Inspiring young minds on our floating classroom
Engaging students in STEM topics can be a challenge. Keeping learning relevant and demonstrating that STEM is not just about scientists in white lab coats is vital for engaging young minds in STEM. Showcasing how STEM can be used in the real-world is exactly what teachers have been doing on board CSIRO’s research vessel Investigator.
More than 800 students in Australia and overseas learned about Australia’s underwater volcanoes and how the Coral Sea was formed as part of a recent Educator on Board voyage.
Educators on Board Olivia Belshaw (Secondary Science Teacher at Jindabyne Central School, NSW) and Jamie Menzies (Learning and Access Officer at the Scottish Maritime Museum and Research Assistant at The University of Edinburgh) beamed their findings into classrooms, sharing what it is like to work as a marine researcher on board RV Investigator.
Speaking to The Brisbane Times, Olivia said that the students were really interested in new corals collected from the sea floor, and the possible new species discovered.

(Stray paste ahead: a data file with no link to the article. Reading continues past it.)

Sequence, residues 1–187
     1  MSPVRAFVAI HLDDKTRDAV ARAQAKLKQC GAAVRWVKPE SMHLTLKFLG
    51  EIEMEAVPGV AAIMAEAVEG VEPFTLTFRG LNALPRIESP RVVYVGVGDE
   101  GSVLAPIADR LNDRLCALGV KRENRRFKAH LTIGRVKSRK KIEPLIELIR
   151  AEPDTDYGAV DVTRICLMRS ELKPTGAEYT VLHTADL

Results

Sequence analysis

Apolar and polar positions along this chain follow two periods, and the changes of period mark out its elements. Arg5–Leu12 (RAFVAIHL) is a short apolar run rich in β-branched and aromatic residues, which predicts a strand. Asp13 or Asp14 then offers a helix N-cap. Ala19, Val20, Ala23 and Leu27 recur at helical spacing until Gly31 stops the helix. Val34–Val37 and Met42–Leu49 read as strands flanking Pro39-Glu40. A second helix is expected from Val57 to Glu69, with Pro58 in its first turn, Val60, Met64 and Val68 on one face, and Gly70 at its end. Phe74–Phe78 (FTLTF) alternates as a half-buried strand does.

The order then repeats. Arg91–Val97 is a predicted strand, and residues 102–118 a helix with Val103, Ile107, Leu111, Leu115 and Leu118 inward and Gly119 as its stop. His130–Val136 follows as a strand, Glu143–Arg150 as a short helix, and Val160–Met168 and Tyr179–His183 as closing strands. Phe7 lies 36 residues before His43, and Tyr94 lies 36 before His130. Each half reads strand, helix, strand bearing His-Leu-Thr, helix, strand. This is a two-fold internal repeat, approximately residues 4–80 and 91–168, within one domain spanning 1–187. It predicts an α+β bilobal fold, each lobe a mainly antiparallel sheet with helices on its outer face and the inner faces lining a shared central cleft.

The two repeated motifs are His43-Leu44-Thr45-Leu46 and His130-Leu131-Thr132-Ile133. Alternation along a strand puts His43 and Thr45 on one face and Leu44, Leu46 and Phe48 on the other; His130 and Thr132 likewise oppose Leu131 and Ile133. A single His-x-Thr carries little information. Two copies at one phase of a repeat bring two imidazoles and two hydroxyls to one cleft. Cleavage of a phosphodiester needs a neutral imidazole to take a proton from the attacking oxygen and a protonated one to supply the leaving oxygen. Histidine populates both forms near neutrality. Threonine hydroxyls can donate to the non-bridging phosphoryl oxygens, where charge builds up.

“A lot of students get it into their heads that science is old, that there are no new discoveries, but we were able to talk to the kids about the fact that every day on that ship we made new discoveries,” said Olivia.
During the live-link ups, students were engaged and asked many interesting questions, such as ‘Are there any shipwrecks?’, “How many metres does the dredge go down?” and “Why did you decide to become a scientist?”.
About the program
Educator on Board is a collaboration between the Marine National Facility and CSIRO Education and Outreach which gives teachers an opportunity to enhance their STEM knowledge on board RV Investigator.
Jamie joined this voyage as a guest of the University of Glasgow and the University of Edinburgh, who were voyage collaborators. While Educator on Board isn’t open to international teachers, participation on this voyage has been supported via berths donated from the international Science Team.